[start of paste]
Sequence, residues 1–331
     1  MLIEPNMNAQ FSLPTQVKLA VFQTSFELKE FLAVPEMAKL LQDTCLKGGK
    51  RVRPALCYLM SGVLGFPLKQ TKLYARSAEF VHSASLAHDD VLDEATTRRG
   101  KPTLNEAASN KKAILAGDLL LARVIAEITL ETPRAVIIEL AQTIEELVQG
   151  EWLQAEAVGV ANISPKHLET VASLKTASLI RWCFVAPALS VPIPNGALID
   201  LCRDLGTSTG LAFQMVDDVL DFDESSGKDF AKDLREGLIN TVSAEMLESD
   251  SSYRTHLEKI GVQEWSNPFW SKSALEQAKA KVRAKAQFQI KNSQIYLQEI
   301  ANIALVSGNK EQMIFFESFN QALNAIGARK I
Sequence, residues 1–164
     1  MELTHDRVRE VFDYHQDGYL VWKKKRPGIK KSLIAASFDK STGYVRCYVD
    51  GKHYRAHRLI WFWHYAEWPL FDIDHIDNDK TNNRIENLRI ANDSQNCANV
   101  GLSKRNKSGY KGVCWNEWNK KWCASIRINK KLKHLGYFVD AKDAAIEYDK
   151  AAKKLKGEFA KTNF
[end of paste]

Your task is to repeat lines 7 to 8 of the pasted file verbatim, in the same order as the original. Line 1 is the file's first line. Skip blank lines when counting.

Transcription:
   251  SSYRTHLEKI GVQEWSNPFW SKSALEQAKA KVRAKAQFQI KNSQIYLQEI
   301  ANIALVSGNK EQMIFFESFN QALNAIGARK I